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Monday essay: Attlee returns?

The Department for Transport has been traditionally unhappy about the n-word – nationalisation, that is. But Sim Harris has been wondering whether perhaps it is time for a u-turn.

WHEN the Virgin Trains East Coast franchise collapsed in 2018, it was suggested that the Intercity East Coast operation had been nationalised (or strictly renationalised, as it had been in the possession of the DfT’s Operator of Last Resort between 2009 and 2015). Use of the n-word triggered disapproving intakes of breath among the communication gurus at the DfT, with one press officer telling Railnews sternly that the changeover was not ‘renationalisation’ at all.

Railnews suggested that as the Oxford English Dictionary defines ‘nationalise’ as ‘to convert from private to government ownership’ the n-word seemed appropriate, but the DfT would have none of it, presumably because it was trying to protect and preserve the already flagging franchising system. (It is also true that the rolling stock remained with the private sector leasing companies.)

Now the Office for National Statistics has confirmed that all the British franchises (apart from Transport for Wales, which is not strictly a franchise) have had their debts moved to the public sector. After all virtually all their commercial freedoms, such as they were, have been removed, and so they can hardly be expected to continue to accept the liabilities. None of the franchises, for example, may ‘make significant changes to fares or staffing levels without government agreement’, and they are bound to pass all revenue to the government. In return, the DfT pays their costs and also gives them a modest management fee.

The railways were first nationalised by a Labour government on 1 January 1948, when the Prime Minister was Clement Attlee, and slowly privatised again between 1994 and 1997, when the franchising system replaced the British Railways Board on the passenger railway in 1996 and 1997.

 The old companies, although not insolvent, were looking financially uncertain after World War 2, although they insisted that they could ‘carry on’. In any event their protests were disregarded, and British Railways began what also turned out to be an uncertain existence.

The future of the franchises is looking critically uncertain now. They have already been effectively abolished by Keith Williams, whose review of the railways remains unpublished but who had been dropping plenty of hints.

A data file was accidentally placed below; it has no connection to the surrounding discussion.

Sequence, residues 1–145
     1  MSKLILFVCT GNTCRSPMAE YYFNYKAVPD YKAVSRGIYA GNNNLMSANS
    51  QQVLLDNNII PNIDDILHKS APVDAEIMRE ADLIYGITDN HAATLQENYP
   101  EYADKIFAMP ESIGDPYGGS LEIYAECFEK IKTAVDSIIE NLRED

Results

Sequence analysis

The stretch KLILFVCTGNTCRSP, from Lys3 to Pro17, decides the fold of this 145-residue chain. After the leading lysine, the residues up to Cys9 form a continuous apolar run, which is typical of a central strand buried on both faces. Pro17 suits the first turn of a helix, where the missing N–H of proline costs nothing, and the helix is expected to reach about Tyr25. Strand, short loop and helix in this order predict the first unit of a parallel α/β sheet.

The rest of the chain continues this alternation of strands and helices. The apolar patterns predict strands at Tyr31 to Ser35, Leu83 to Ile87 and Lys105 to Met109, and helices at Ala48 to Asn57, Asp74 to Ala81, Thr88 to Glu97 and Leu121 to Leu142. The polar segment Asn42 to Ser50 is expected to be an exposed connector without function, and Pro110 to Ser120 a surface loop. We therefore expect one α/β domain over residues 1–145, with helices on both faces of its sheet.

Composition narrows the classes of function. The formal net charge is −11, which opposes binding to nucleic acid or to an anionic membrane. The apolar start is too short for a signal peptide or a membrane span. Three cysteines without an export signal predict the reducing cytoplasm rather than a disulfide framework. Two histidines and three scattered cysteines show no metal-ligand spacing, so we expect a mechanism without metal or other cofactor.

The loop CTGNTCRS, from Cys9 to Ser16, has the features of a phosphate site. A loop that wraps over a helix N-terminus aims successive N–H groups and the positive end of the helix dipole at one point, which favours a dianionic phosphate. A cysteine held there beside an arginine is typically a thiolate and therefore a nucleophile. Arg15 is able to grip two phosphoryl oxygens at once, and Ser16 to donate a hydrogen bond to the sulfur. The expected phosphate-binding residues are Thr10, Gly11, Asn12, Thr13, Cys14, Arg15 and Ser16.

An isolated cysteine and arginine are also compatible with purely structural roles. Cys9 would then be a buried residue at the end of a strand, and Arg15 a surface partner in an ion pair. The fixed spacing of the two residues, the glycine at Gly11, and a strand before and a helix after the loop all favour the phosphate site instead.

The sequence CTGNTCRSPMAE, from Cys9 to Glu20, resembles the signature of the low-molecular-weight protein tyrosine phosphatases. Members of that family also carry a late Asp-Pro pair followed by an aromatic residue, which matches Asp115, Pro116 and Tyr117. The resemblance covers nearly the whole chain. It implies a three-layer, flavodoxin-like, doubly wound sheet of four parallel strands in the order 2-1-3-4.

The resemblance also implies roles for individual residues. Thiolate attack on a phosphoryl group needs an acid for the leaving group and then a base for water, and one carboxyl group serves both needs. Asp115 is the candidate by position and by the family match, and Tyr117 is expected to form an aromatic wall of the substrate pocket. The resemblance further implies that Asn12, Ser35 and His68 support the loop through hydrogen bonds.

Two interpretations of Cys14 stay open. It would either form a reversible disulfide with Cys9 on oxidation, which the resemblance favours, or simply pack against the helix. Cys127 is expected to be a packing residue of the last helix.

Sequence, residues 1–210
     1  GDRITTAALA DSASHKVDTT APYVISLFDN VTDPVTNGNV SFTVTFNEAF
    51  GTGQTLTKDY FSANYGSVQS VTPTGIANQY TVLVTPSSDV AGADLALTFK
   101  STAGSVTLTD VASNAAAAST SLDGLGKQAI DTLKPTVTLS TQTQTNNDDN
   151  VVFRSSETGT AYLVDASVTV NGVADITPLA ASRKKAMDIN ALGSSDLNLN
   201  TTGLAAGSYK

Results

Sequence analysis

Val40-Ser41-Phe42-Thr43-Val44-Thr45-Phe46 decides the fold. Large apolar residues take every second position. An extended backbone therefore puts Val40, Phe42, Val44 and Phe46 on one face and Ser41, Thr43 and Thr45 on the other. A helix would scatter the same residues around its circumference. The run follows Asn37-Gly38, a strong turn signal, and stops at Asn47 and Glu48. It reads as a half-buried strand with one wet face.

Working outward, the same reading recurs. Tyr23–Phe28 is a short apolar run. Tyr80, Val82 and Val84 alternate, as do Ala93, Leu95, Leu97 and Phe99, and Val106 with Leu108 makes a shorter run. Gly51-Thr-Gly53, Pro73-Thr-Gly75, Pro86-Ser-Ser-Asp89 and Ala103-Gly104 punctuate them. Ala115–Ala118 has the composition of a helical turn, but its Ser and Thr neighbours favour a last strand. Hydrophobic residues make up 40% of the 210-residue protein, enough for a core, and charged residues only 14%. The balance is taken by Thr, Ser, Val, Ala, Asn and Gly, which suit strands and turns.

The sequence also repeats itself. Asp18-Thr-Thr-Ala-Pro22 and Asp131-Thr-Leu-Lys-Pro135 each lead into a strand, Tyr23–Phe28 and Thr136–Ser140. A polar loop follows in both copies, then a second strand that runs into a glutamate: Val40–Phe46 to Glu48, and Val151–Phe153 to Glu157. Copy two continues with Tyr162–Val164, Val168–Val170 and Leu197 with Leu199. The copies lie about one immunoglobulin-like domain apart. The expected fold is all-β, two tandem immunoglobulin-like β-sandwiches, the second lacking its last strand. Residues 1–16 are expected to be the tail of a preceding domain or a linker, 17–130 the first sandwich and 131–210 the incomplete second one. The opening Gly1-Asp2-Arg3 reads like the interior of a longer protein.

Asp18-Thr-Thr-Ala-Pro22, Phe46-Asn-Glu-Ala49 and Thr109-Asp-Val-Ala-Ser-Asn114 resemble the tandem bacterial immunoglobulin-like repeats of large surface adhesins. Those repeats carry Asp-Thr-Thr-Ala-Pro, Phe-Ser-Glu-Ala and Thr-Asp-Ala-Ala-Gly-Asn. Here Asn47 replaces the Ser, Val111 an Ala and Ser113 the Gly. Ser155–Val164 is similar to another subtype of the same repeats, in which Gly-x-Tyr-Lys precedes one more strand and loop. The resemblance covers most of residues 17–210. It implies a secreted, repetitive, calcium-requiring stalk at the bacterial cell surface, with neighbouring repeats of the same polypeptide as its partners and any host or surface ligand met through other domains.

The Rail Delivery Group, which represents the franchised operators, is refusing to accept defeat. At the end of last week, RDG chief executive Paul Plummer said: ‘This is a temporary accounting change that reflects the extent of government involvement in running trains during a national emergency. The Covid crisis presents a chance to move towards a new way of running the railway where contracts put customers at the centre and the private sector’s track record of attracting people to travel by train in safety is harnessed to boost the economy, the environment and the public finances.’

He could hardly say less, but it is now widely rumoured that the DfT’s Emergency Measures Agreements, introduced in late March and currently due to expire on 20 September, are being discussed behind the scenes with a view to extending them – and the ‘renationalisation’ they represent – for up to two years. It is surely reasonable to suggest that the old franchises would not be able to withstand a return to the previous arrangements as soon as next month in any case.

If there is a major extension of the EMAs into 2021 and 2022, a return to ‘traditional’ franchises looks even less likely. Now that the events of 1996 and 1997 have effectively been reversed, perhaps the shade of Labour Prime Minister Major (later Earl) Attlee is muttering in a dark corner of the afterlife. It is hard to hear his words, but he seems to be saying ‘I told you so’.

The August print edition of Railnews, RN282, was published on 30 July. The new edition and some previous issues can be obtained by calling 01438 281200 from UK numbers or +44 1438 281200 internationally, and selecting Option 2.

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